Corporate Advisory Council Member Profile: Sarah Pohmer

The Fisher Leadership Initiative has recently launched its Corporate Advisory Council – a group of high-profile, Fortune 500 leaders across Central Ohio to discuss pressing leadership and leadership development issues facing organizations and support Fisher in developing relevant content, pursuing new research and creating new services that will help fill the leadership void across organizations. 

The following profile from Sarah Pohmer, Managing Director, Head of HR for Card and Connected Commerce at JPMorgan Chase, reveals her reasons for joining Fisher's Corporate Advisory Council and her personal insights on leadership. 

Q: What was your motivation for joining the Fisher Leadership Initiative’s Corporate Advisory Council?

It’s been my privilege to work with and counsel dozens of CEOs and senior leaders during my more than 20 years at JPMorgan Chase. I’ve learned a lot from them. But I’ve also observed the blind spots that they must overcome to be successful. The Fisher Leadership Initiative’s Corporate Advisory Council gives me an opportunity to give back by sharing the lessons I’ve learned over my career.

Q:What can businesses/organizations learn about leadership from institutions such as Fisher College of Business? And vice versa?

When you leave the classroom and start your first big job in the real world, it can be a big change. We want to make that a smoother transition. The Fisher College of Business is shaping our future leaders before they become part of our talent pipeline. Fisher faculty can help us understand what inspires their students, how they may be learning differently, and what they value in a career experience. We are always evolving and improving as an employer. Employers, in turn, can help Fisher and other schools understand what makes business leaders effective in the real world. That is valuable insight they can use to make sure those skills are being developed and emphasized as part of their education at Ohio State.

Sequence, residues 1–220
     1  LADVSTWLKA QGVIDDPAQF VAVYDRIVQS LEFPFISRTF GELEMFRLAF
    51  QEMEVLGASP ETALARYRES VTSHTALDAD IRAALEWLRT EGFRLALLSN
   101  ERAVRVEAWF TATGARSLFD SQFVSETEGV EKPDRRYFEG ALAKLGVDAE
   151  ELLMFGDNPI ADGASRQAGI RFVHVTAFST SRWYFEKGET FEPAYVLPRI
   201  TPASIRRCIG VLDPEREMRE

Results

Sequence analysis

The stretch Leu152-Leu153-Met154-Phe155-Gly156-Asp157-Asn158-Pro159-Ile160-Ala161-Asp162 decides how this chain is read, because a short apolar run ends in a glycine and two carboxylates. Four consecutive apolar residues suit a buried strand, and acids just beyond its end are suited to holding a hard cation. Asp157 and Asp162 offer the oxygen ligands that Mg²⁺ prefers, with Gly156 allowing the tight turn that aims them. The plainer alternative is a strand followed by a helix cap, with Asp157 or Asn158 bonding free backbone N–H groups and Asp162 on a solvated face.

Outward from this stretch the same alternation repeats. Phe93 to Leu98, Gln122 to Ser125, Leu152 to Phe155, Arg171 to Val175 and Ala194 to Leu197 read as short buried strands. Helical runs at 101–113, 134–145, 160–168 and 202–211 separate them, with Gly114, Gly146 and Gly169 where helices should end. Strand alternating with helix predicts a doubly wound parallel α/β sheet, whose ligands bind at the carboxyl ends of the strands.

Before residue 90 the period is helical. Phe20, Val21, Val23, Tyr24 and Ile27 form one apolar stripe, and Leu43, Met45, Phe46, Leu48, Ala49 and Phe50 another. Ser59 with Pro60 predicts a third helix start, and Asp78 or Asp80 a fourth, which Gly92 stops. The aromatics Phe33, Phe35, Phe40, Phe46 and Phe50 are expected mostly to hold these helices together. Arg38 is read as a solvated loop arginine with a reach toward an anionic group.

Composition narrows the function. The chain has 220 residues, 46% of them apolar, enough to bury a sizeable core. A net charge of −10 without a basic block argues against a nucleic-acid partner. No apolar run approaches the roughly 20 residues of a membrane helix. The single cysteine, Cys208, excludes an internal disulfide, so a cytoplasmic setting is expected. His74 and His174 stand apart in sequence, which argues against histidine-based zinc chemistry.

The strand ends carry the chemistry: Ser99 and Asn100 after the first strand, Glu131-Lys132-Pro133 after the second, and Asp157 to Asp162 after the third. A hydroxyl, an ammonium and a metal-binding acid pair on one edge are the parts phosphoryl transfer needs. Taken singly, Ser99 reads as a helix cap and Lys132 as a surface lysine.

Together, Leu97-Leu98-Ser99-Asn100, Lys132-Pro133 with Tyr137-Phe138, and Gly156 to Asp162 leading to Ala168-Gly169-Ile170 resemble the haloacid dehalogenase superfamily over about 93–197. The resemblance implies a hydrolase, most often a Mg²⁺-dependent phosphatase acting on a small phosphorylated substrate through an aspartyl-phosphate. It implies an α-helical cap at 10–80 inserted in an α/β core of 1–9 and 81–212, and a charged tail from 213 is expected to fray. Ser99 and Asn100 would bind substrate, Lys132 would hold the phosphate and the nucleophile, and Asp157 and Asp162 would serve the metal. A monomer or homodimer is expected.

Q: What does effective leadership look like?

Effective leaders can be found almost anywhere. You don’t have to have a corner office to lead. I have four daughters who all play sports, so I see first-hand how young people figure out how to work as a team and emerge as leaders. If you’ve ever volunteered or collaborated on a neighborhood or school event, you’ve probably seen how people tend to gravitate toward one leader. In my experience, great leaders spend less time talking, more time listening. You can’t just tell people what to do without getting to know them first and earning trust and respect. They may do it once but don’t expect them to follow you into the trenches. One leader I worked with called it “putting cookies in the cookie jar.” Leaders are clear, decisive, and inclusive. And again, those qualities apply in almost any setting in life!

Q: What is the best leadership advice you have received?

Asking for help or admitting you don’t know the answer are not signs of weakness. Great leaders recognize that showing authenticity and vulnerability at work are actually signs of confidence and strength. And it makes the entire team feel invested and part of the solution.

Q: How will this council impact the community or business community in any meaningful way?

There’s so much uncertainty in our world right now, especially in the business community as we navigate new workplaces, racial and social injustice, and shifting priorities in life. Now more than ever, we need strong, ethical, empathetic leadership. I’m excited to help lift up the community and be part of those important conversations. It’s valuable and powerful.

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Here at Lead Read Today, we endeavor to take an objective (rational, scientific) approach to analyzing leaders and leadership. All opinion pieces will be reviewed for appropriateness, and the opinions shared are solely of the author and not representative of The Ohio State University or any of its affiliates.